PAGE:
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Safe and Responsible Driving: The Impact of Cell Phone on Drivers' Reaction Time

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Driving is an everyday activity that gets more difficult with age. (Hickson, Wood, Chaparro, Lacherez & Marszalek, 2010) Older drivers are shown to have higher risk of motor vehicle collision related death compared to other age groups. (Green, McGwin & Owsley, 2013) The ability to respond in a timely and appropriate fashion to ongoing events in the environment differs with age (Campbell et al., 2015) Using a cell phone while driving has also been shown to affect driver safety. The number of drivers’ using cell phones continues to increase as time goes on. Reaction time to hazards was shown to increase when the was holding a phone conversation. (Collet, Guillot & Petit, 2010) Attending to auditory information has been shown to impair performance on concurrent cognitive and motor tasks. (Hickson, Wood, Chaparro, Lacherez & Marszalek, 2010) Cell phone conversations by themselves make drivers more likely to miss traffic signals and react more slowly to the signals they are able to detect. Previous research indicates that when a driver becomes involved in a cell-phone conversation their attention is taken away from processing the information in their driving environment that is necessary for safe driving. (Strayer & Drews, 2007) The decrease in performance on a primary task is believed to occur because the extra effort associated with listening to and understanding a degraded auditory signal deprives resources from other cognitive processes (Hickson, Wood, Chaparro, Lacherez & Marszalek, 2010)

Research shows that hearing and vision impairment is common in older adults. (Green, McGwin & Owsley, 2013) Previous research has suggested a link between hearing impairment and difficulties with driving in older people. These older adults with poor hearing have been show to have greater difficulty with driving in the presence of distractors than older adults with good hearing. (Hickson, Wood, Chaparro, Lacherez & Marszalek, 2010) If you add a cell phone into the mix, driving conditions become unsafe quickly. The number of drivers over 75 is expected to increase 70% over the next 20 years. With the increased risk involved with elderly drivers combined with the increasing number of people using cell phones while driving older driver safety is becoming an even larger safety concern. (Green, McGwin & Owsley, 2013)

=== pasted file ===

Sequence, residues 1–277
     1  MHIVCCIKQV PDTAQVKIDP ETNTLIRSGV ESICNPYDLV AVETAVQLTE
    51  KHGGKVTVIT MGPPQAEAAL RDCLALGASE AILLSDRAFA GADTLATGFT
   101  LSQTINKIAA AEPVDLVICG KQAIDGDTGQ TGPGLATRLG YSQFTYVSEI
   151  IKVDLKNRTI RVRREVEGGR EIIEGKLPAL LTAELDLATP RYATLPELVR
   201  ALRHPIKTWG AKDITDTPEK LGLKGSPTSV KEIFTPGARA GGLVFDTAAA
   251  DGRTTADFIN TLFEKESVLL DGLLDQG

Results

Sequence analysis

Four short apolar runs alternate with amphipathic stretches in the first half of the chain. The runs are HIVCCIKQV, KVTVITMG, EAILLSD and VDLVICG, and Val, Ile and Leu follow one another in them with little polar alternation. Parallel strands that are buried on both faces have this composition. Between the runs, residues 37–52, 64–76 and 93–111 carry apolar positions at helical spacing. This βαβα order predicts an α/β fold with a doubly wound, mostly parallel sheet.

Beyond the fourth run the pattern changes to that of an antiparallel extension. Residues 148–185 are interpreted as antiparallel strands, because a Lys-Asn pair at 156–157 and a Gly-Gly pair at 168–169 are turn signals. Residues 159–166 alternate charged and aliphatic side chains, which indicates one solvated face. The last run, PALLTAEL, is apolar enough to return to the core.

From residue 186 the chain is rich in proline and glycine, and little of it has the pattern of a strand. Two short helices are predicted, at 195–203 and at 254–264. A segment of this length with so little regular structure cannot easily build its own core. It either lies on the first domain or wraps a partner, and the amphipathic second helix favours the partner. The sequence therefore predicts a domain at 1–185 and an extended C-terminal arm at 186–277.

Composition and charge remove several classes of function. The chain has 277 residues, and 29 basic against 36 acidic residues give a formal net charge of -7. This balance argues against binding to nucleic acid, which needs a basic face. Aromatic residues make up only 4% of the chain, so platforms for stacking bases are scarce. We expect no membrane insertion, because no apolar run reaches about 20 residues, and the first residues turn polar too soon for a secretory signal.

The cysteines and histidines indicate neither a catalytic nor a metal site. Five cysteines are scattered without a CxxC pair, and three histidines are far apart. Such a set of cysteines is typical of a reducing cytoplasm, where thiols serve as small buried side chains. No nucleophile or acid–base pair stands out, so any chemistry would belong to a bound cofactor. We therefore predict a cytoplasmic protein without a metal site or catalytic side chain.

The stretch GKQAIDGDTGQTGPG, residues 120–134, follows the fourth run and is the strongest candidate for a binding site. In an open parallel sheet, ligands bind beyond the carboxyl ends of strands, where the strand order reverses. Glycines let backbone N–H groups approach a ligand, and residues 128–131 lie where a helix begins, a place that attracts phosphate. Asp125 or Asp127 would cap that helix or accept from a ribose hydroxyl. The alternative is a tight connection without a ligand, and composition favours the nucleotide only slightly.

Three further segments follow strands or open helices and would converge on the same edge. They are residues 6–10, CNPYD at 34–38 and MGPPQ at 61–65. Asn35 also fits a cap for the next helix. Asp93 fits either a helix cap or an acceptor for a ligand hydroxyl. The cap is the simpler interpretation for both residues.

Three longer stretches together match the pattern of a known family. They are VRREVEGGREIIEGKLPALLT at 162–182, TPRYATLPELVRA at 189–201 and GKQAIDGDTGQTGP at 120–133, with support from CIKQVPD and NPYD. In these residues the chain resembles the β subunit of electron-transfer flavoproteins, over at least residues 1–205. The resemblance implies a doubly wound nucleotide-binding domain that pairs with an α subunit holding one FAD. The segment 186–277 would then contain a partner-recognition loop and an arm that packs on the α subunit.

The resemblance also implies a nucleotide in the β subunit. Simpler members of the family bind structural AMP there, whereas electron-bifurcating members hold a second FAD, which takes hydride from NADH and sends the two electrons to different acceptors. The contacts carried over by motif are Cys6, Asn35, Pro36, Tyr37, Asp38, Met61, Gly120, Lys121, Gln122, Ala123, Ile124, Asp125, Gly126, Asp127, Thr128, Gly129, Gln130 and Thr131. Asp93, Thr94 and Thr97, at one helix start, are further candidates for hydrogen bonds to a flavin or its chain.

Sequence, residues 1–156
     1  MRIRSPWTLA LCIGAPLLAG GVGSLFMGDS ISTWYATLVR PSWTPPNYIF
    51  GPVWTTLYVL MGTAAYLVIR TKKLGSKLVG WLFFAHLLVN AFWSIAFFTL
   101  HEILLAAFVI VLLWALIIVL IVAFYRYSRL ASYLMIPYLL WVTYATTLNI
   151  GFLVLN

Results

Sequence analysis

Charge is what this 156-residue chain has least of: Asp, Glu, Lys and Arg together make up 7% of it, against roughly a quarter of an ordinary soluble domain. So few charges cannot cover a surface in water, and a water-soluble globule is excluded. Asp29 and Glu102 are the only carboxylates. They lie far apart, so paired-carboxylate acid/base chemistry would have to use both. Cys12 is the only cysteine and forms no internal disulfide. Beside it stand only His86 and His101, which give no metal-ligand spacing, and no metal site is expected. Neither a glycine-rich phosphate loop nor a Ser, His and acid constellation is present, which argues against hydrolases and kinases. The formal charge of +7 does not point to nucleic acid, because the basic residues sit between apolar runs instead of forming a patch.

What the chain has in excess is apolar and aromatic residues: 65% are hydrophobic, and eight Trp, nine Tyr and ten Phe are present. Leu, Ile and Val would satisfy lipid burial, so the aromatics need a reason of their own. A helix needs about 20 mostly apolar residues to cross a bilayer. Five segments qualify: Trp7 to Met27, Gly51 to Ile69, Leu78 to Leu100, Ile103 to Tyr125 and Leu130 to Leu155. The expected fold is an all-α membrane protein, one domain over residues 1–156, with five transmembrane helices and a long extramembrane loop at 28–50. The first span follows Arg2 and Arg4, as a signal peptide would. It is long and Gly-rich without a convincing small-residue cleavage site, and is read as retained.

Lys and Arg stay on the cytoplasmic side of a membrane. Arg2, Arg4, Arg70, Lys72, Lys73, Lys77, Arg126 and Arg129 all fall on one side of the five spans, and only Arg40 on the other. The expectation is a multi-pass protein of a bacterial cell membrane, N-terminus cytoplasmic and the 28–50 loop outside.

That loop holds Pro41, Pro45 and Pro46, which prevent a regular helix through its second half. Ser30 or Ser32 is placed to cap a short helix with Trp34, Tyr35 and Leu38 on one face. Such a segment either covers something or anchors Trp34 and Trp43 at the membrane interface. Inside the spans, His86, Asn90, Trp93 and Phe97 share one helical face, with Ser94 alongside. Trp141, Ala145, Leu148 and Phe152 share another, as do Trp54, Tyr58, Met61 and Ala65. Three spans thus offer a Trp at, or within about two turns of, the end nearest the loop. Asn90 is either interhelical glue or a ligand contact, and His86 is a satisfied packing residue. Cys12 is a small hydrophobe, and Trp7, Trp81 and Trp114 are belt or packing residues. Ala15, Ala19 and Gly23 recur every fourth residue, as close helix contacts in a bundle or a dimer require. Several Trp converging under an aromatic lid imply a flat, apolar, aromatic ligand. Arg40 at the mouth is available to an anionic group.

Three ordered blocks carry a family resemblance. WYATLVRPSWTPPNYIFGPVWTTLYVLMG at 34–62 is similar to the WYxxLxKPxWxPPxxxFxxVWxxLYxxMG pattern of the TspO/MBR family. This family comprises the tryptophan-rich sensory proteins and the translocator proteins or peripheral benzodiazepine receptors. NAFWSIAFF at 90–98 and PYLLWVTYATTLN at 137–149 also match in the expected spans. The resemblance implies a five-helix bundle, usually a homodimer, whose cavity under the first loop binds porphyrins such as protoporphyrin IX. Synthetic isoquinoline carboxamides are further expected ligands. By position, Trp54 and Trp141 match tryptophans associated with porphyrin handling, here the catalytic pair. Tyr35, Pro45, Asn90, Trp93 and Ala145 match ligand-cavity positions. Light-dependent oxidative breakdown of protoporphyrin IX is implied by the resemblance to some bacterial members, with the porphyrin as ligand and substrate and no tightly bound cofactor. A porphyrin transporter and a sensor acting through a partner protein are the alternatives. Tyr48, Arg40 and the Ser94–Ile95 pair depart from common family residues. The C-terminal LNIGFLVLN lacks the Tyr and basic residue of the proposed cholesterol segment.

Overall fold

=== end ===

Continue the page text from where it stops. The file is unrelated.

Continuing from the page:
The current study aims to examine the relationship between cell phone conversations while operating a motor vehicle in older drivers. A group of older participants will be assessed, and their performance while driving with or without a cell phone will be compared. It is hypothesized that age will affect driving ability while talking on the phone given previous evidence of the risks both age and cell phone use pose while driving.


100 licensed older drivers will be recruited to participate through radio advertisements. Participants should be age 65 and older, current drivers and legally eligible to drive. Participants will attend two testing sessions. The first will be a session in which demographic information is collected as well as assessments of vision, cognition and hearing. The second session will be a driving assessment on a closed road. All participants will be given a full explanation of the experimental procedures, and written informed consent will be obtained, with the option to withdraw from the study at any time. Driving performance will be tested in two separate laps on a 2 mile closed road in a rural area, free from other vehicles. Participants will either be positioned and adjusted with a hands-free cell phone before driving begins and a call will begin before participants begin driving or they will drive without being on the phone. Participants will all drive the same vehicle with automatic transmission and power steering. If participants normally wear glasses or hearing aids they will do so during the assessment. Participants will be told they will be required to perform a number of tasks at what they feel is a safe driving speed, to drive in their own lane except to avoid hazards, and to drive as they normally would under the circumstances. Participants will be required to avoid hitting any of nice, large, low contrast foam rubber road hazards centered across the driving lane that can be felt when driven over but will have little effect on vehicle control. Position of the road hazards will be randomized between each lap. Performance will be measured on the number of road hazards hit. (Hickson, Wood, Chaparro, Lacherez & Marszalek, 2010)


I expect to find significant results from this study as prior research shows that age and cell phone use while driving affect ability separately so the two should provide the same result when combined. It is possible that there may be too many confounding variables to pinpoint the exact cause of the distracted driving but I hope to limit these by using a hands free cell phone, closed road and documenting health issues beforehand. There are a number of ways to test this hypothesis such as using different driving ability tests, using a handheld cell phone or having the driver start and end the call while driving amongst other things. It is important to do as much research as possible into distracted drivers and elderly drivers as both populations will continue to increase and combine in the future.

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